rehabilitation; primary health care; occupational health; mental health; child development; occupational therapy; education; vocational rehabilitation; community-based therapy
Activities of daily living with grasp types and force measurements during object manipulation


Background: Limited scientific evidence guides hand rehabilitation towards improved hand function, and safe early return to work. Grasp types, the subunits of object manipulation and the forces which may improve functional outcomes, have been identified as missing links that may inform rehabilitation after second to fifth metacarpal fractures, through progression of basic and instrumental activities of daily living (ADL). The aim of the study was to collect ADL forces through grasp types to inform hand rehabilitation for second to fifth metacarpal fractures.

Methods: This cross-sectional, quantitative study included 32 conveniently sampled healthy adults aged 20 and 59 years. Thirty-one (31) ADLs, both basic and instrumental, each associated with a predominant grasp type, were tested. The participants donned two testing gloves, with force sensing resistors (FSRs) glued to the fingertips, the ADLs were performed, and forces measured. The researcher imported the force data into an Excel spreadsheet for both descriptive and inferential analyses with STATA.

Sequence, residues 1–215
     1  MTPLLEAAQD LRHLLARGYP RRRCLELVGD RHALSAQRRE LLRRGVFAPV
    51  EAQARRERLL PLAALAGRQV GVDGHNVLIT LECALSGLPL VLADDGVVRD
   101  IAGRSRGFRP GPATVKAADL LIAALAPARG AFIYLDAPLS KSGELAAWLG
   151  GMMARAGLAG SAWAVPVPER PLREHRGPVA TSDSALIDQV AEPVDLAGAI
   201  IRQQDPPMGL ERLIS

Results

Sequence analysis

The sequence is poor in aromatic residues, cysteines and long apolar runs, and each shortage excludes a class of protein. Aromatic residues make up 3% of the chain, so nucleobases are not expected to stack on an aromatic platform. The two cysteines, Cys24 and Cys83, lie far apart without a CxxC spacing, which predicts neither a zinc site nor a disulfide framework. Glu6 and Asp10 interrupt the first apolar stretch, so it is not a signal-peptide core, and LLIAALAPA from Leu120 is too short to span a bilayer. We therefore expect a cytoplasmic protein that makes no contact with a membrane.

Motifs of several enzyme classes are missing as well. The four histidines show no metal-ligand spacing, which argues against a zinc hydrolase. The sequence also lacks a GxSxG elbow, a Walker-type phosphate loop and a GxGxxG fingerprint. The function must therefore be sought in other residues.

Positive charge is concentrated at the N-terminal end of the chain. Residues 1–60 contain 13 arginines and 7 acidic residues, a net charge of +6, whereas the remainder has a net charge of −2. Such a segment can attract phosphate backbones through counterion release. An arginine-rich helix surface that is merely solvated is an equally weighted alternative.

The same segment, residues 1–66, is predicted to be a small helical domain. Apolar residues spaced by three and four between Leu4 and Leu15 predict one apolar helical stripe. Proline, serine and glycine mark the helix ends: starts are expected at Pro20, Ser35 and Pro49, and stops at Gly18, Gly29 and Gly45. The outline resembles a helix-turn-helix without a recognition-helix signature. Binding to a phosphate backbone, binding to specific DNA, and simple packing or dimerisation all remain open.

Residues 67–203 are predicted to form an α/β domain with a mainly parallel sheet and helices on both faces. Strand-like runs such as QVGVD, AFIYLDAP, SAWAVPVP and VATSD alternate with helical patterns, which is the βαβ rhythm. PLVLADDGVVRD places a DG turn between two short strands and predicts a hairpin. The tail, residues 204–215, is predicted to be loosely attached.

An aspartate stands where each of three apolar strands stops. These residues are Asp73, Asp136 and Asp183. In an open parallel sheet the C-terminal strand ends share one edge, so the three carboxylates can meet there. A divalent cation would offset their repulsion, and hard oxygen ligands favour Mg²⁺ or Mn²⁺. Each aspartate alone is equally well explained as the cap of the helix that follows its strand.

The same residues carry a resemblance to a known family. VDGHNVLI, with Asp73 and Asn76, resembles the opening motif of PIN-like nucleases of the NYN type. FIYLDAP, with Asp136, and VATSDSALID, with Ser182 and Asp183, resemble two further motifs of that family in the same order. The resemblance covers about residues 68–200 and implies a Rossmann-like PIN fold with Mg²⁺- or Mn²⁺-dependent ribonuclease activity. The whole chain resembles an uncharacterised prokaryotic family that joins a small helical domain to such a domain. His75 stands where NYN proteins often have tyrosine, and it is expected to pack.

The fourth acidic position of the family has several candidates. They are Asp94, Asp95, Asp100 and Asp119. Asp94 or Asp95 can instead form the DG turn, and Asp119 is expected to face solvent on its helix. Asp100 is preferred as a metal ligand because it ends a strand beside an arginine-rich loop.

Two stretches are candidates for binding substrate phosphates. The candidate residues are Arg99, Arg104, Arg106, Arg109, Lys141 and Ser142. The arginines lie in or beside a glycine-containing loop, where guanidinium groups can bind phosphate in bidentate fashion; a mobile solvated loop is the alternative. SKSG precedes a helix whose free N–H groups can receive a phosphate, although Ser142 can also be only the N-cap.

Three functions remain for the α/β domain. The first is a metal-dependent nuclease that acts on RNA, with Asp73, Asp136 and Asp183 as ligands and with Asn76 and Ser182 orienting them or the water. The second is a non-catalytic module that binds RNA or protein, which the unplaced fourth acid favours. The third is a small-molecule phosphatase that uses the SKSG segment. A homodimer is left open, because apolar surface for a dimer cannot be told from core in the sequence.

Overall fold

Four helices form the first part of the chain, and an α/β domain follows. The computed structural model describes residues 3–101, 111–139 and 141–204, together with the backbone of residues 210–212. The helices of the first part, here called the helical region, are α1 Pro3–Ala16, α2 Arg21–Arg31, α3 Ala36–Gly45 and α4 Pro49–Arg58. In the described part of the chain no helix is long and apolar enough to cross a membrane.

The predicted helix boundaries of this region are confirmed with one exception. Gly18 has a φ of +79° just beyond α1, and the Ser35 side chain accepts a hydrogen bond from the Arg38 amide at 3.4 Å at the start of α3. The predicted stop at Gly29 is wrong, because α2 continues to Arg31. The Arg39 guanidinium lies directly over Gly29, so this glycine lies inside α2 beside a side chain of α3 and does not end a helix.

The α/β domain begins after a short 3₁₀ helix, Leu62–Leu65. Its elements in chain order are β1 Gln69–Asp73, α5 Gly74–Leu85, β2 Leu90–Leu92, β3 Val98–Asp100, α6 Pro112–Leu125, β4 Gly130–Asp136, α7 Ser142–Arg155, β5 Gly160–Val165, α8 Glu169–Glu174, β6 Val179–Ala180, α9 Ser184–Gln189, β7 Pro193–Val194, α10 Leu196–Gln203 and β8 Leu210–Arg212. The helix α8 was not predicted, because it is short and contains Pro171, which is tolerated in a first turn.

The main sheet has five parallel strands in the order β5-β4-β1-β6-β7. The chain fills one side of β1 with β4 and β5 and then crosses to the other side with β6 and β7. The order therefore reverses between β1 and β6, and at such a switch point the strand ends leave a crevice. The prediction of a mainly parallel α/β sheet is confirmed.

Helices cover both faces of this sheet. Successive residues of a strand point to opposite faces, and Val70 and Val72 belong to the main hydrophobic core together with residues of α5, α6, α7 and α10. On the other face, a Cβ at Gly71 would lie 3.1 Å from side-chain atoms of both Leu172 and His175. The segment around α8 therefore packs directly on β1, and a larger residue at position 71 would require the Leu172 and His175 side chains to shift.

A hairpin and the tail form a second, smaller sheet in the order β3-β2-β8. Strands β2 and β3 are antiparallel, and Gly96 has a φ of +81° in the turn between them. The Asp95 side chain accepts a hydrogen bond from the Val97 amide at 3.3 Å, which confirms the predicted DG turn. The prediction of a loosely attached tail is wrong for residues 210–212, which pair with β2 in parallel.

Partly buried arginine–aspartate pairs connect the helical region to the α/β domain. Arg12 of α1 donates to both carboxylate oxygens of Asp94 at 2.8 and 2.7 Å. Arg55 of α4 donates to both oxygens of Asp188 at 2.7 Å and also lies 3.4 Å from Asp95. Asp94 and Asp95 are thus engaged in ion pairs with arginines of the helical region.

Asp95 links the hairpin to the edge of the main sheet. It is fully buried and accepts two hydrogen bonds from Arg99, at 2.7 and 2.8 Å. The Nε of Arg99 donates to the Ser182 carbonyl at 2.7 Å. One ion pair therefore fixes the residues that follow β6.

Results: Fourteen males and 18 females, with a mean age of 37 years, participated. Statistically significant differences between genders were found for seven grasp types. Three thumb-adducted power palm grasps, three thumb-abduction precision pad grasps, and one thumb-abduction power palm grasp constituted the testing. Light and heavy ADLs and their associated grasp types were identified.

Conclusion: To ensure optimal hand function, early safe return to ADLs should be the goal of second to fifth metacarpal fracture rehabilitation and may be achieved by incorporating active grasp types as exercises with graded resisted grasp types and ADLs.

Implications for practice:

• Occupational therapists can incorporate grasp types in their observation during assessments of individuals who sustained second to fifth metacarpal fractures to determine the subcomponents of functional deficits.

• Hand rehabilitation may be augmented by incorporating grasp types in isolation during unresisted active joint range of motion.

• Occupational therapists, guided by the analysis of hand functioning, can incorporate ADLs with the predominant grasp types which may improve hand function.

• Grasp force data may guide safe and early return to function.

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